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The California experience thus far with greenhouse gas reduction shows economic growth is possible with regulation, argues Ethan Elkind of the UC Berkeley School of Law

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DHARNA NOOR, TRNN: Welcome to the Real News Network. I’m Dharna Noor. It’s been a long hot summer. Every state in the US experienced above average temperatures between June and August with California, Connecticut, and Rhode Island recording their warmest summer ever. In California it at least looks like they’re trying to do something about it. On Thursday, Governor Jerry Brown signed two far reaching climate bills into law. By the year 2030, the bill called SB32 requires greenhouse gas emissions to drop below the year 1990’s emission levels by 40%. And the bill AB197 is intended to create more oversight of regulator practice in order to curb local pollution. Here’s Governor Jerry Brown at the signing ceremony of the bills. GOVERNOR JERRY BROWN: So what we’re doing here is far sighted as well as far reaching. It takes a lot of courage and a lot of vision. California’s doing something that no other state has done. You’re putting in the law real measures backed p by the real power of the state of California. This is big and I hope it sends a message across the country. NOOR: With us to talk about this new legislation is Ethan Elkind. Ethan is the Director of the Climate Program at the UC Berkeley School of Law with a joint appointment at the UCLA School of Law. He’s also the author of the book Railtown: The Fight for the Los Angeles Metro Rail and the Future of the City. Thanks for joining us today Ethan. ETHAN ELKIND: Thank you. Thank you for having me. NOOR: Okay could you tell us Baltimoreans about the significance about this new California legislation starting with SB32. A drop to 40% below the levels we had in 1990 seems like a pretty huge drop and this is actually an extension of another bill right? ELKIND: Yes, exactly. This is the most aggressive climate change goal in the country that California’s embarking on. It’s really sort of an experiment but as you mentioned it comes on the heels and is really an extension of AB32 which was passed in 2006 and requires California to get back to 1990 levels of greenhouse gas emissions by the year 2020. What this bill does SB32, is basically extend those targets now as you mentioned to 40% below 1990 levels by the year 2030. Also was dependent on the passage of another bill AB197. That gives the California legislature more oversight over the agency that’s responsible for achieving these goals through various regulations. It also requires the agency to prioritize emissions or reductions directly at the source as opposed to for example the cap and trade program that the state is currently using. Not that the cap and trade program couldn’t still be used in harmony with that but it really wants to prioritize direct emissions reductions from specific sources to achieve these goals. NOOR: Could you talk more about AB197? Again this bill creates an overseeing legislative committee. How does that work exactly? Who are they overseeing and how does this effect legislatures and regulators? ELKIND: So the California Air Resources Board is agency within the executive branch and its members are appointed by the governor and in this case you now have two members who are not going to be voting through AB197 which will be from the legislature. So this is basically the result of the legislature essentially feeling left out of the regulatory process that has happened to date and wanting to have greater oversight. And as well they have these restrictions now on the kinds of regulations that the Air Resources Board can propagate to achieve the 2030 goals. NOOR: AB197 aims to combat local pollution and it’s no secret that some people are disproportionately impacted by pollution. How will this bill affect those folks? Folks who are experiencing the worst of pollution in California? ELKIND: Well you know as I mentioned SB32 is a groundbreaking law on climate change in greenhouse gas reduction. But AB197 is really groundbreaking in a different way because for the first time now, we’re really trying to address this sort of environmental injustice that you’re referring to which is the idea that we have a lot of low income communities of color who disproportionately get the negative effects of pollution and also are the ones most at risk as climate change worsens in terms of droughts and fires and all the disruptions that comes with that. So AB197 for the first time is really trying to ensure that our climate programs in California are not just about benefiting the wealthy in terms of rooftop solar incentives or driving expensive electric vehicles like a tesla. But is really trying to make sure that we actually provide more benefits that are more directly impacted and also to have more assurance that we’re actually going to see emissions reductions in these industrial sources in these low income areas because a lot of times when you have factories or other industrial entities that are emitting greenhouse gases, they’re also emitting other types of harmful air pollutants that are really poisoning a lot of these communities. So there’s an important environmental justice component that AB197 is addressing really in a groundbreaking way. NOOR: And who lobbied against these bills being implemented and what was the response to nay sayers? For instance, there seems to be some pushback on the part of big business. Some are saying the implementation of these bills will adversely affect GDP and job creation. What’s your response to that critique? ELKIND: Well first of all there are a lot of business in favor of this effort. So there’s a huge, obviously from the clean technology sector there’s a lot of support. But form other sectors as well, traditional electric utilities as an examples, a lot of Silicon Valley entities. But the real pushback came from the oil and gas industry. They’re the ones that have the most to lose from this whole climate effort that were to decarbonize the [inaud.]. Some of the claims are that this is going to cost us jobs. There are certainly concerns. And I think that some legitimate concerns that AB32 was adopted 2020, now SB32 to 2030 we’re seeing a lot of population growth that’s going to be happening in the meantime. So the order of magnitude of the effort has been bigger. But as we’ve seen with the implementation of AB32 to achieve these 2020 goals, our carbon emissions in California have been going down for over a decade now while our economy is growing at one of the fastest rates in the nation. So this idea that we can’t decarbonize our economy without costing jobs has been disproven by the California experience so far. That’s not to say there aren’t questions going forward but California has a very thoughtful deliberative kind of process for all the regulations and all the statutory efforts that we have to try to achieve these goals. So policy makers are certainly well aware that we don’t want to create serious negative economic impacts. In fact, because they basically don’t want to risk a backlash to this program and so they’re going to be very deliberate. But in fact what we’re seeing is a lot of economic upside for people. So for example, electric vehicles at this present trajectory are going to end up really reducing transportation cost for a lot of people. Same with solar PV as we’ve seen those cost come down. So a lot of these climate programs are boosting clean technology industries and they’re saving people money and California policy makers are very committed to ensuring that we continue on that trajectory. NOOR: One of those programs that California is well known for is the cap and trade program but it looks like the cap and trade program is in a bit of trouble due to the lack of demand for carbon credits. Can you talk about what that means exactly and what the effect of that will be on these new emissions goals for California? ELKIND: Sure. Well some of the reason why the cap and trade program has hit a bit of a stumbling block last few auctions, and I can explain that in a second, is because of this uncertainty around the future of the program. And actually the bills that passed, I don’t think do anything to address that uncertainty. So cap and trade basically involves putting a cap over our economy in terms of greenhouse gas emissions and then it creates these allowances for entities that are polluting to give them permission to pollute. Then as the cap goes down the number of allowances given out decreases. The allowances in California, a certain percentage are auctioned off and there’s a lawsuit right now saying that that auction is essentially an illegal tax under the California constitutional law. So while that case is working its way through the system, it’s in the court of appeals right now, there’s a lot of uncertainty over the program right now and certainly going forward after 2020. Because authorization for the program expires after 2020. That doesn’t mean that the California air resources board which administers the program can’t continue the program after it but it creates some legal uncertainty and I think a lot of businesses are responding to that by not being so eager to buy allowances and that’s really hurt the auction proceeds. In return California’s relying on the revenue from those auctions to fund a number of programs including most prominently the high speed rail but also some efforts related to funding local transit and weatherization programs and even low income housing near transit. Because that gets people off the roads and reduces pollution that way. NOOR: In order for SB32 and AB197 to be successful, what else is needed either from California governors, from business, or just from folks who are citizens? ELKIND: Well the biggest thing we need right now is deployment. We have all the technologies that we need to decarbonize our economy in terms of renewables, to switch from fossil fuel based to electricity generation, in terms of energy storage technologies which we use for electric vehicles and also to make sure that we can balance our grid from intermittent renewables like solar and wind. And we’re also doing a lot on energy efficiency. But we need to make sure we can bring down the cost of these technologies and deploy them as quickly as we can without really causing a lot of economic disruption. So further investment in these technologies is going to be really important and I think the passage of these laws really creates conditions now for policy to help provide more financing for that to happen. And we also need more energy efficiency. We need to be much better about being efficient with the energy we do use. And that’s going to require some policy innovation but also technologies and finance that can go along with that to make sure that we can really improve the energy profile of our existing buildings and save people money in the process. So I would say that that’s the biggest challenge. And then of course it would be very helpful if we had other states and federal government being a cooperative partner. The Obama administration has done a lot. The congress certainly creates uncertainty in terms of commitments to things like tax credits for some of these technologies going forward and now we see the federal clean power plant under attack too. So ultimately what California’s trying to do is inspire other action from states around the country and certainly nations around the world and we can use project partners as we go alone right now to a large extent but hopefully we’ll be bringing many others with us as we prove that this can be done in a effective away and actually create economic benefits in the process. NOOR: Ethan Elkind joins us from California. Thanks so much for speaking with me today. ELKIND: Thank you for having me. I appreciate it. NOOR: And thank you for joining us on the Real News Network.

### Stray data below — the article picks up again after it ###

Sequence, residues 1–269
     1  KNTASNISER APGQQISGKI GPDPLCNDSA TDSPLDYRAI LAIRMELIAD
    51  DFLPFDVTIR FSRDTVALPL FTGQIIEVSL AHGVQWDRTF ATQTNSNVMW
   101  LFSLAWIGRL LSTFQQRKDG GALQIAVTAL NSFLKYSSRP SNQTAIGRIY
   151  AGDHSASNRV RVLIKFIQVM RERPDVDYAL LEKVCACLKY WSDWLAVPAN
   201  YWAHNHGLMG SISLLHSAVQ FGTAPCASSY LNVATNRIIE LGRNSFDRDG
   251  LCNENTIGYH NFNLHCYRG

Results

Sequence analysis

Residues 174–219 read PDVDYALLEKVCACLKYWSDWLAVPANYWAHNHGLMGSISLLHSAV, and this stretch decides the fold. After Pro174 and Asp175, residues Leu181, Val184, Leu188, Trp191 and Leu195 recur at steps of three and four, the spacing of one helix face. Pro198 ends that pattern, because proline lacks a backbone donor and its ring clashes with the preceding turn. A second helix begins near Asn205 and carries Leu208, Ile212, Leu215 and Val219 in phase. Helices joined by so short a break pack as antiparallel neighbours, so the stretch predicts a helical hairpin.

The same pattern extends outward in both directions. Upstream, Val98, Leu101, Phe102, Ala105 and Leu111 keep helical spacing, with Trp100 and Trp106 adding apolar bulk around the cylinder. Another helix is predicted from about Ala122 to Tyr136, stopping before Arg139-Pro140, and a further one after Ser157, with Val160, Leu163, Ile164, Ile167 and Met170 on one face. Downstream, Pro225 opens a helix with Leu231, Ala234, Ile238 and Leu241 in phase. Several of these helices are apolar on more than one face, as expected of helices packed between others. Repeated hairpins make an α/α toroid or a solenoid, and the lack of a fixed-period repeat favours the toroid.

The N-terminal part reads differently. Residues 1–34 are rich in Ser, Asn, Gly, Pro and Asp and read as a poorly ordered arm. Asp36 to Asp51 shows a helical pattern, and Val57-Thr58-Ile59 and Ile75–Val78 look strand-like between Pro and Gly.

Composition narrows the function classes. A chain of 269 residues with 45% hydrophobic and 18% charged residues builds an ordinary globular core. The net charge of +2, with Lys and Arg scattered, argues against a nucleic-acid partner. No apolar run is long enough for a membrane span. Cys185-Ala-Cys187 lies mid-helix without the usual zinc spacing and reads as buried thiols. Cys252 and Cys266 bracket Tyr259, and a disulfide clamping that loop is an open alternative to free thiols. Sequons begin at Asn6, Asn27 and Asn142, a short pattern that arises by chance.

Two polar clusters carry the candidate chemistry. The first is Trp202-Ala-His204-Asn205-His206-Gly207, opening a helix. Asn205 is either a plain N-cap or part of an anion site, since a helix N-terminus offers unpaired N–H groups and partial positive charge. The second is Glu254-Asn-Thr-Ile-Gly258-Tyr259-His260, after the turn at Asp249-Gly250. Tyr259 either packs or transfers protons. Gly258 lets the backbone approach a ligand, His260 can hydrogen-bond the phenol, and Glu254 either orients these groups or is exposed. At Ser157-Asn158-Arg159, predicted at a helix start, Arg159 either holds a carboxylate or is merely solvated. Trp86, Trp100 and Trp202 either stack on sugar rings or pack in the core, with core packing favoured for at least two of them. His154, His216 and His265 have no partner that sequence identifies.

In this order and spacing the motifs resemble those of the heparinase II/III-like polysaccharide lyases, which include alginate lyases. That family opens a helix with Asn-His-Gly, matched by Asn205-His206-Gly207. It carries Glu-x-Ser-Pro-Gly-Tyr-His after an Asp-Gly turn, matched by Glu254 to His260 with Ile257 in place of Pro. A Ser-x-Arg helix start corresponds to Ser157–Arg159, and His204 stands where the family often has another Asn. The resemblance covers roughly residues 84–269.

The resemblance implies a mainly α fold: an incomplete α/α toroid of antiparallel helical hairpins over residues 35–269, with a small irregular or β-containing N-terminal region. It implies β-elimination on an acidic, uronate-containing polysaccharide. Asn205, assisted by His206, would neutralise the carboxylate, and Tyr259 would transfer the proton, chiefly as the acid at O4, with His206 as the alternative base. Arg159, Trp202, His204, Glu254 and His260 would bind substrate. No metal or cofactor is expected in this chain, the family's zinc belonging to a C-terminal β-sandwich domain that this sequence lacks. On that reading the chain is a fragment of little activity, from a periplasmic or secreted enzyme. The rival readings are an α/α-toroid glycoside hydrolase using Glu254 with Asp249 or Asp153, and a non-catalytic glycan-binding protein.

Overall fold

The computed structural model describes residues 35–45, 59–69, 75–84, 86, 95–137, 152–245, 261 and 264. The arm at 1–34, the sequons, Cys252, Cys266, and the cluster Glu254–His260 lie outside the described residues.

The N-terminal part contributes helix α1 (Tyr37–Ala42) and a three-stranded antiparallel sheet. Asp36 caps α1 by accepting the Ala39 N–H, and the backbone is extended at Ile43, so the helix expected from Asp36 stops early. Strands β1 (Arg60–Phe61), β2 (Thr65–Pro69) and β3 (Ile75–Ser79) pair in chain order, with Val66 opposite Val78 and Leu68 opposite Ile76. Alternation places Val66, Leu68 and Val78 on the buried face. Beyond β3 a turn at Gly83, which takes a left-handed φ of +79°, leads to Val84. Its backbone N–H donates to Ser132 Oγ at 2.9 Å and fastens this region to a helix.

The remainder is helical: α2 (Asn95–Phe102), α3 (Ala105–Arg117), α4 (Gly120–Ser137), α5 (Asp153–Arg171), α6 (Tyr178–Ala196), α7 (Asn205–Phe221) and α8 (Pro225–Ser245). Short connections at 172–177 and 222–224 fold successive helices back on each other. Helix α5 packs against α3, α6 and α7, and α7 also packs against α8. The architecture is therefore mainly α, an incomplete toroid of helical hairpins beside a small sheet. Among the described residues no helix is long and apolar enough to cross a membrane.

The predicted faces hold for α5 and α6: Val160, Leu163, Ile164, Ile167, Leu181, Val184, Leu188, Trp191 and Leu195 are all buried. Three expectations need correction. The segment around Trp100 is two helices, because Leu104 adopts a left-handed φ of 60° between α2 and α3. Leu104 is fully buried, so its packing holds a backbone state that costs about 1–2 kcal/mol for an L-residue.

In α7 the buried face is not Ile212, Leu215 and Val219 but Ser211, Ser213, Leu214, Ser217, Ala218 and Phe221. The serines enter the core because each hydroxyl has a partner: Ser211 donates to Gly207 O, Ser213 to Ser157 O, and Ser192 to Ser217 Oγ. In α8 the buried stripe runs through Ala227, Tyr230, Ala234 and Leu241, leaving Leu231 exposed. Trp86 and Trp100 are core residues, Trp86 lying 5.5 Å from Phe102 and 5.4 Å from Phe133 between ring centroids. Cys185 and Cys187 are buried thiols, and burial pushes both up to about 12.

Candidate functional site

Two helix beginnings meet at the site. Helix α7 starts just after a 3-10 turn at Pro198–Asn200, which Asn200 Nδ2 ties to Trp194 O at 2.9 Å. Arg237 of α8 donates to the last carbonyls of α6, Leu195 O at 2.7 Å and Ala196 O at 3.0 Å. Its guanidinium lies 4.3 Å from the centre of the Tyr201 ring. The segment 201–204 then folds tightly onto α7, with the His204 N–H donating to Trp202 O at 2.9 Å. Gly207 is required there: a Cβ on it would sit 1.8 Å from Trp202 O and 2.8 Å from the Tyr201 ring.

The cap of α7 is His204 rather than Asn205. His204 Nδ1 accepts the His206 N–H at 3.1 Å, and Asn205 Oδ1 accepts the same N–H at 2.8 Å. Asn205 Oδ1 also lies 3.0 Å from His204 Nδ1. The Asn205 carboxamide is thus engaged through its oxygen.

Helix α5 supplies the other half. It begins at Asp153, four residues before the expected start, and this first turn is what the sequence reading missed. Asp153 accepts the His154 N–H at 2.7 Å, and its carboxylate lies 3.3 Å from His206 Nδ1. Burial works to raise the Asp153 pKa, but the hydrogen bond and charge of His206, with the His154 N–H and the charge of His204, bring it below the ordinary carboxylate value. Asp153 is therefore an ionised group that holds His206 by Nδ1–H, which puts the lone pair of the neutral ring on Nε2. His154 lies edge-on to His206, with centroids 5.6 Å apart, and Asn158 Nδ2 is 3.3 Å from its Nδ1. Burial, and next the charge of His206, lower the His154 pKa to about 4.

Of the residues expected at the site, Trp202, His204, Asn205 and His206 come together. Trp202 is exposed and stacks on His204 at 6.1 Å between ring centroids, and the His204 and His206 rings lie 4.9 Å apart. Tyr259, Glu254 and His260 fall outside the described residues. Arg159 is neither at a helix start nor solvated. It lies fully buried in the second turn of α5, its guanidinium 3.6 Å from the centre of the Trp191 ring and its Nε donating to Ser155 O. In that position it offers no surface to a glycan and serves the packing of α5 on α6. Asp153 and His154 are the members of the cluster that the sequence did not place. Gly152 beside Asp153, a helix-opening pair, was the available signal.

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Ethan Elkind is the Director of the Climate Program at the UC Berkeley School of Law, with a joint appointment at the UCLA School of Law. He researches and writes on policies that would boost business solutions to combat climate change. His latest book is titled "Railtown" it focuses on the history of the Los Angeles Metro Rail. For more visit